The merger of NBC and Comcast is providing no shortage of raised eyebrows among the downtown lobbying community. Now it’s causing sworn enemies and marketplace rivals to stand together to oppose the mega-deal, which would put a major broadcast network in the hands of a cable television provider for the very first time.
“Fear is a wonderful persuader,” a Democratic lobbyist said.
The merger’s opponents have formed the Coalition for Competition in Media, a broad organization run by the Glover Park Group that counts among its members Bloomberg, Free Press, Concerned Women for America, Common Cause, the National Consumers League, the Media Access Project and the Writers Guild of America. The Communications Workers of America has also thrown its support behind the group, but for now the union claims it is not playing an active role.
Despite the apparent conflicts among its membership, coalition spokeswoman Christina Reynolds said the fragile organization will go on because “this merger threatens competition, which hurts every constituency represented by our coalition partners, most importantly consumers.
“When groups as diverse as Free Press, the Parents Television Council, the Writers Guild and Bloomberg are all standing together against a merger, that suggests something must be seriously wrong,” she added. “This coalition’s members may not agree on everything, but we are all aligned behind the importance of protecting consumers and preserving open competition in the media marketplace.”
The teaming up of the nonunionized Bloomberg and organized labor is the most curious, K Street observers say. The news provider’s legions of print, online and broadcast journalists are a perennial target of labor bosses. But in June, Bloomberg, the Writers Guild of America-West, the communication workers union and other Comcast-NBC merger opponents signed a joint letter arguing that the deal “is poised to fundamentally alter the landscape of the U.S. media market.”
“We are a group of varied organizations with many specific concerns with this merger, but we have joined together because the threat of this merger to consumers is so great,” the groups wrote.
According to industry sources, Bloomberg’s primary concern is that a combined Comcast-NBC would give preference to the financial news channel CNBC over Bloomberg Television. Oddly enough, the coalition also includes another competitor, Herring Broadcasting’s WealthTV, a network “devoted to taking viewers on a journey of how wealth is achieved, used and enjoyed” that competes for a similar advertising demographic.
The coalition of unusual suspects against the merger, though, are adamant that too much is at stake to quibble among themselves.
Greg Babyak, a Bloomberg spokesman, declined to discuss the company’s alliance with unions.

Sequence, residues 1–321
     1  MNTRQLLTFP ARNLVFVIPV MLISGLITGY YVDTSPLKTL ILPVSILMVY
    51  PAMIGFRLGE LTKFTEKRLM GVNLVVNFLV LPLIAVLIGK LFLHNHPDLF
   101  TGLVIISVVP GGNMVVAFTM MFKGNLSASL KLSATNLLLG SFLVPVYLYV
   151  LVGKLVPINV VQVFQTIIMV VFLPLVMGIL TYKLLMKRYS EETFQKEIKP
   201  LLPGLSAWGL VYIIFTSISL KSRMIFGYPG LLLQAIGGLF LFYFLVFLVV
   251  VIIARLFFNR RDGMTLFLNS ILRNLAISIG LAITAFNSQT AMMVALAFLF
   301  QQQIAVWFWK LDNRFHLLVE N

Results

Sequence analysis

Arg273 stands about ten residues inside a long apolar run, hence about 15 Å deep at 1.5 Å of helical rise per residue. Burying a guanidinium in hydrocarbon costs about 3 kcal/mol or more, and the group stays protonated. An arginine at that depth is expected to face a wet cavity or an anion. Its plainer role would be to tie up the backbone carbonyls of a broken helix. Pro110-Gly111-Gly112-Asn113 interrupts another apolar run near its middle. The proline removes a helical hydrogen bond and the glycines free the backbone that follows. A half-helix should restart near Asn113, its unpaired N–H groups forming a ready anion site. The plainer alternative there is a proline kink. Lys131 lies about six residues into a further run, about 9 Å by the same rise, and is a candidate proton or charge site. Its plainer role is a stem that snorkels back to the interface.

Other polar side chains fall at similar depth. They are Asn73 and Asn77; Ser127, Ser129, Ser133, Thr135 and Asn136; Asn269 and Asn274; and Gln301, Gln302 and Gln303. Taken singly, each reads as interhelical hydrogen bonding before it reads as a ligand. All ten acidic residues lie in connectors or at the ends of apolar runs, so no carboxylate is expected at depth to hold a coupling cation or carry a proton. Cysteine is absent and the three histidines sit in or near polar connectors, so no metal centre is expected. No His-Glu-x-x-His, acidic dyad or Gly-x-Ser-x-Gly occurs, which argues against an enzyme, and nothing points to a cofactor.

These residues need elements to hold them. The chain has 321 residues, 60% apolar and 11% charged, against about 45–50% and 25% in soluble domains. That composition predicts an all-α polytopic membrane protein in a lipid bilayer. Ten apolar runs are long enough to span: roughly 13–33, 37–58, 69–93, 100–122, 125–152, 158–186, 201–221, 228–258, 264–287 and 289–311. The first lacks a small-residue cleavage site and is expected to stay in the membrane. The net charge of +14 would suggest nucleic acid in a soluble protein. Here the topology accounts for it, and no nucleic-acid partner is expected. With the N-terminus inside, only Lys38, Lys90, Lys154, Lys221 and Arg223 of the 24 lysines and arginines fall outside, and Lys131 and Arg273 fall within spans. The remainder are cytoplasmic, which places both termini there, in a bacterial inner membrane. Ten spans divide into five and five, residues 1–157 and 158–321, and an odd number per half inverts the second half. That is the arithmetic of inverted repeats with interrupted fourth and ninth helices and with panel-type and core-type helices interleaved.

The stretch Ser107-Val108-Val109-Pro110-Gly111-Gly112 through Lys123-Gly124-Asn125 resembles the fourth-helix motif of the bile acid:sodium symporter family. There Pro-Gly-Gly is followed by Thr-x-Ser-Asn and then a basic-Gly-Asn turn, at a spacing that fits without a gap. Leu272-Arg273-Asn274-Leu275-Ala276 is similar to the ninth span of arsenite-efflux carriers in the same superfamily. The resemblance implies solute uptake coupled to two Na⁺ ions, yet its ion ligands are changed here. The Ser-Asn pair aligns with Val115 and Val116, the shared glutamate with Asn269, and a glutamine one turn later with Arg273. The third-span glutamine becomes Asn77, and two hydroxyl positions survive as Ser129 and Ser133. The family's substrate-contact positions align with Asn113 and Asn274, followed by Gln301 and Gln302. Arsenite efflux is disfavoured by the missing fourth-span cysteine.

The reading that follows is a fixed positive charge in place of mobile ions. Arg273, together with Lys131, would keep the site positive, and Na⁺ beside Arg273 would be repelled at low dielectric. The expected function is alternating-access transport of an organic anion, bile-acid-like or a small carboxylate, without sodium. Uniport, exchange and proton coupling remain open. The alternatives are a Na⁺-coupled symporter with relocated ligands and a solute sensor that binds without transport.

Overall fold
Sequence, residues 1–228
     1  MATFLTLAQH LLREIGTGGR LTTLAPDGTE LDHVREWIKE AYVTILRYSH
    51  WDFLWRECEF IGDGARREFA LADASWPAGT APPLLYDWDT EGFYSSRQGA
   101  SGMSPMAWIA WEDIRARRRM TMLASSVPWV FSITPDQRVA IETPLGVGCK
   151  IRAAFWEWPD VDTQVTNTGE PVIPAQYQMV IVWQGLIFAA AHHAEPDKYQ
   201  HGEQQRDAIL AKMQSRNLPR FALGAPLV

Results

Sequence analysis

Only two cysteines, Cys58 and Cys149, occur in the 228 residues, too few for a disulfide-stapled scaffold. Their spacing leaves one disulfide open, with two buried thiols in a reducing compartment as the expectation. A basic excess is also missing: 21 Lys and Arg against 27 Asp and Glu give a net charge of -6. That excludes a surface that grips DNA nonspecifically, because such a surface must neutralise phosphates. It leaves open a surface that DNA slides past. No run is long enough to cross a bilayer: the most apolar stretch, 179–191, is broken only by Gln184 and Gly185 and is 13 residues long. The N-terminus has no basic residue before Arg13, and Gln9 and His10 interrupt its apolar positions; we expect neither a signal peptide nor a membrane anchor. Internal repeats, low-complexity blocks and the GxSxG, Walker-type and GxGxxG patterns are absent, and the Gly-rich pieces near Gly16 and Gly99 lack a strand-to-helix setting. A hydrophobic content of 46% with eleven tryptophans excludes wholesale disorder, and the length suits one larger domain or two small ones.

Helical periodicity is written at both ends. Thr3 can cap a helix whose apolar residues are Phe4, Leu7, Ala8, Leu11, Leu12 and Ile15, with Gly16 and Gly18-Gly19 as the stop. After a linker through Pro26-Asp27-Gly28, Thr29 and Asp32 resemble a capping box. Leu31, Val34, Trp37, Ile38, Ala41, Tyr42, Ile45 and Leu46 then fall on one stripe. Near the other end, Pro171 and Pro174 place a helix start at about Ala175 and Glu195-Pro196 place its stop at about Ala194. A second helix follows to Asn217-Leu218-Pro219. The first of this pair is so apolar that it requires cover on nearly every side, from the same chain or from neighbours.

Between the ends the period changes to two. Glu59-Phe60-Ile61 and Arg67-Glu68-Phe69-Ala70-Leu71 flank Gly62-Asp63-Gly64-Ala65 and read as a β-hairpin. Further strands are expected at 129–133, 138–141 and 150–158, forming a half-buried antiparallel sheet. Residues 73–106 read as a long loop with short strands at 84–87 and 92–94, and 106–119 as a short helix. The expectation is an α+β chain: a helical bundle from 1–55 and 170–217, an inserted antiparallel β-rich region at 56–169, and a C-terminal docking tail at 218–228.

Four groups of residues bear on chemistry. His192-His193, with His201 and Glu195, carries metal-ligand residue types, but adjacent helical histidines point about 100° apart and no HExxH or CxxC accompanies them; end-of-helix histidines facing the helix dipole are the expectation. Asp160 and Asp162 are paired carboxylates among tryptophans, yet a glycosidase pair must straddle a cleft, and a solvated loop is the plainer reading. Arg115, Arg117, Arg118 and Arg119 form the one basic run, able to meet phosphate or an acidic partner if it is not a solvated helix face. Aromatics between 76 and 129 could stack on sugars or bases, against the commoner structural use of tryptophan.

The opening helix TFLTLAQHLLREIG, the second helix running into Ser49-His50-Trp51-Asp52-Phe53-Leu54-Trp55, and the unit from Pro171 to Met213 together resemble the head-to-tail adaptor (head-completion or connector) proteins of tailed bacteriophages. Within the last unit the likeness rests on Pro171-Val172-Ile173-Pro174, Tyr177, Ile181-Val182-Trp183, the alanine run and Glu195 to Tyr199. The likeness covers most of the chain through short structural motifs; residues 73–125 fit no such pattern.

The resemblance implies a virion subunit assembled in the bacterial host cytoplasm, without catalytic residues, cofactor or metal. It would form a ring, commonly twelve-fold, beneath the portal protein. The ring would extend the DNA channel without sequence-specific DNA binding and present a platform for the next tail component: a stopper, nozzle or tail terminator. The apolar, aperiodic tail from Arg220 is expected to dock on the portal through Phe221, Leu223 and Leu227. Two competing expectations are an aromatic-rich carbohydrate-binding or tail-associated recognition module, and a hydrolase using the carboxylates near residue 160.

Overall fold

“We joined the coalition because of the serious threat to consumers and competition if this merger is approved as proposed,” he said in a statement. “It’s alarming that Comcast, while pouring millions of dollars into lobbying lawmakers, has not addressed the legitimate issues raised by the coalition. We believe they should.”
Communication Workers of America spokesman Chuck Porcari said his union has played a lower-key role with the group in recent months. And he said Bloomberg continues to be a top target for the union’s organizing activities but that “isn’t relevant to the conversation.”
“We’re a trade union,” he said. “Any [non-unionized] organization? Sure there’d be an interest in unionizing.”
Another union in the group, the writers guild, is also continuing to raise concerns about the merger.
“There is clearly broad concern across numerous organizations, including unions, consumer organizations, competitors and content suppliers, that this merger will harm competition,” said Neal Sacharow, a writers guild spokesman.
On its website, the conservative Concerned Women for America applauds the censorship efforts of federal regulators and writes that one of its core missions is to “fight all pornography and obscenity” — a stance that would spark the scorn of fellow coalition member and anti-censorship advocate Free Press. Both groups did not respond to Roll Call requests for comment.
Concerned Women is also an outspoken critic of organized labor, writing on its website July 29 that “Congress Should Oppose Labor Union Power Grab Legislation.”
Democratic staff for House Energy and Commerce Chairman Henry Waxman (D-Calif.) did not respond to a request for comment. That panel has jurisdiction over telecommunications and consumer issues and has been a focus of lobbying on the issue. But after the deal was announced last year, Waxman told Congressional Quarterly that it “has the potential to reshape the media marketplace.”
On the Comcast-NBC side, Jeff Zucker, who would be CEO of the combined company, said in a statement that consumers have nothing to lose in the merger.
“Consumers of all of our products — on screens large and small — will have the benefit of enhanced content and experiences, delivered to them in new and better ways as a result of this transaction,” he said.
Editor’s note: Roll Call co-produces a weekly television program on Comcast.